Allelopathy is the release of biologically active chemicals by one plant that inhibits the germination or growth of other plants. Traditionally, allelopathy has been viewed as a form of competition, where toxic plant chemicals disrupt the metabolism of recipient plants, thereby reducing their growth or germination. However, there is mounting evidence that phytochemical-induced germination inhibition could be adaptive and may not be a consequence of toxins. That is, there are benefits for a seed to chemically recognize a potential competitor and defer germination until better conditions for establishment exist. This Biochemical Recognition Hypothesis (BRH) challenges the allelopathy paradigm but remains untested. A key requisite for the biochemical recognition of neighboring plants by seeds is frequent ecological interactions among historically co-occurring species. For this greenhouse study, we grew flats of six native grassland species from Argentina and from central North America and collected their leachates when watered. This leachate, which contained any water-soluble phytochemicals exuded from the roots, was then be used to water the seeds of the species grown for phytochemical collection. Our primary objective was to assess whether seeds exposed to phytochemicals from sympatric species exhibited greater germination reduction relative to phytochemicals from allopatric species with no historic association.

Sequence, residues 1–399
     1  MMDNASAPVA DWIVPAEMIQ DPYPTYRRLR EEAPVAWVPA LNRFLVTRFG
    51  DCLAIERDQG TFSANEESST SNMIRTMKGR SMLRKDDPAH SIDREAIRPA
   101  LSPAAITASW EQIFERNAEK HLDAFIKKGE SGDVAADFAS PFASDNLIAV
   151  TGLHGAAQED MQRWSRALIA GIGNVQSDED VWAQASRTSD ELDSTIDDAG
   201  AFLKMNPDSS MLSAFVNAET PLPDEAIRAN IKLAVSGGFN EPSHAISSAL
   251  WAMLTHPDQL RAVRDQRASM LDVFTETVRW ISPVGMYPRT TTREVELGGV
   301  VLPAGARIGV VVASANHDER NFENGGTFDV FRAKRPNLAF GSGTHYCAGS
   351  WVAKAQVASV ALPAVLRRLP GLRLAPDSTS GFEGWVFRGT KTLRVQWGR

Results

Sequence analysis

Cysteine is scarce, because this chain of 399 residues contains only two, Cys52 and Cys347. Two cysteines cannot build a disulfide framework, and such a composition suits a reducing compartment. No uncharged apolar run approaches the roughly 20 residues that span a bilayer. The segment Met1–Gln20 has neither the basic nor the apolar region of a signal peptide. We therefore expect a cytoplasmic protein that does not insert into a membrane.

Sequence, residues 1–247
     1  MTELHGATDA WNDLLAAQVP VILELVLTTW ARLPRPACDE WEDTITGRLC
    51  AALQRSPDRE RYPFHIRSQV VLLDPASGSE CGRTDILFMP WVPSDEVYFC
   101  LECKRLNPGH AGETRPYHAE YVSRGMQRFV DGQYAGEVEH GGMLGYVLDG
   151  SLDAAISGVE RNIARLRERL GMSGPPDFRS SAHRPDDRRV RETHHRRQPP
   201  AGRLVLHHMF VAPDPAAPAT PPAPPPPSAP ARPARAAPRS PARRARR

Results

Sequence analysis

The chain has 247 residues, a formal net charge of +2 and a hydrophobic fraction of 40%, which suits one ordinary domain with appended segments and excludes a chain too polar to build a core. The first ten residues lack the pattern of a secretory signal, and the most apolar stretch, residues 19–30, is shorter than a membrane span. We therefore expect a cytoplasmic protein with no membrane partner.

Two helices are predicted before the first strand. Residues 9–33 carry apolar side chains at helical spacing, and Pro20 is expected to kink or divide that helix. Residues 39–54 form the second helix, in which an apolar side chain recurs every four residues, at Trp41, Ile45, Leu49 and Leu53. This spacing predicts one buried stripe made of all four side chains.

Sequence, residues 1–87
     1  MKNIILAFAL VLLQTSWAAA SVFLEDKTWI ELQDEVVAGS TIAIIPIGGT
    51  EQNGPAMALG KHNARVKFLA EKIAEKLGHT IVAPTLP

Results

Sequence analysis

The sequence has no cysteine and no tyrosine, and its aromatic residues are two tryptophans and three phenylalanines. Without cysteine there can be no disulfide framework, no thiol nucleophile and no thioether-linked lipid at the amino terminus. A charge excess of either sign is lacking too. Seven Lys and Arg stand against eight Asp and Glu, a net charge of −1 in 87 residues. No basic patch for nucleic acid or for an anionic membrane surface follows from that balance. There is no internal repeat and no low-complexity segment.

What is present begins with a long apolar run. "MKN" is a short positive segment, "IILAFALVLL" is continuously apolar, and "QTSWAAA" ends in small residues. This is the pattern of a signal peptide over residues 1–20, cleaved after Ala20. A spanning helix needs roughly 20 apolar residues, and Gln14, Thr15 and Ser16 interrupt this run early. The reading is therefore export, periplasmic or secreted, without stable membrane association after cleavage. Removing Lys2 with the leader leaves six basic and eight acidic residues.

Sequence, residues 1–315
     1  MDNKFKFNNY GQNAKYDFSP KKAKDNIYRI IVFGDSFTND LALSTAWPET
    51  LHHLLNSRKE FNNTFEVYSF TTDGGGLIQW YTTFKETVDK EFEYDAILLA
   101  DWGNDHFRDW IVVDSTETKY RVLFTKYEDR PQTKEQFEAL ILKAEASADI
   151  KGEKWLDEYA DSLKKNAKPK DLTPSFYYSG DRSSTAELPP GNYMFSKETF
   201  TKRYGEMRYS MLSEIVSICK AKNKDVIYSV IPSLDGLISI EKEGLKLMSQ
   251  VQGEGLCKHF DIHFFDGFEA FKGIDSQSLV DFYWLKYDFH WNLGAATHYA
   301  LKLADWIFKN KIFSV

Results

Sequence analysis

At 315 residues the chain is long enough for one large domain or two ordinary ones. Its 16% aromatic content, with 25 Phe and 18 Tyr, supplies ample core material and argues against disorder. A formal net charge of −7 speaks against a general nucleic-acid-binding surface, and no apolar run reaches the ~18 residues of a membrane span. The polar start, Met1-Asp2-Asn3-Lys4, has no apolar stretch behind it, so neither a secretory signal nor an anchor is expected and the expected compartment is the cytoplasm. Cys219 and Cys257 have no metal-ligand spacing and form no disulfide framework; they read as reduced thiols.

Of the 12 focal test species, two North American species had a 10% reduction in final germination percentage when exposed to the leachates of North American relative to South American species (P=0.016 and P=0.003, respectively; Mann-Whitney rank sum test). Whereas this reduction in germination is modest, it suggests that some species possess biochemical recognition systems capable of detecting specific competitors in their immediate environment. The significance of biochemical recognition among plants in multifold. First, debate continues on whether plant communities represent loose or tightly linked associations. Our findings support the latter and suggest that evolutionary interactions among sympatric species are important to the development of plant communities. Coupling our work with a growing list of others indicates that biochemical recognition may be an important mechanism structuring plant communities. Second, lack of biochemical recognition of non-native, invasive species by native residents suggests the latter may experience seed bank depletion by naïvely germinating, and consequently suffering fitness reductions, near these novel, strong competitors. Lastly, our work indicates that it is insufficient to invoke classic allelopathy when phytochemical-induced germination reduction occurs but when a mechanism of toxicity remains unidentified.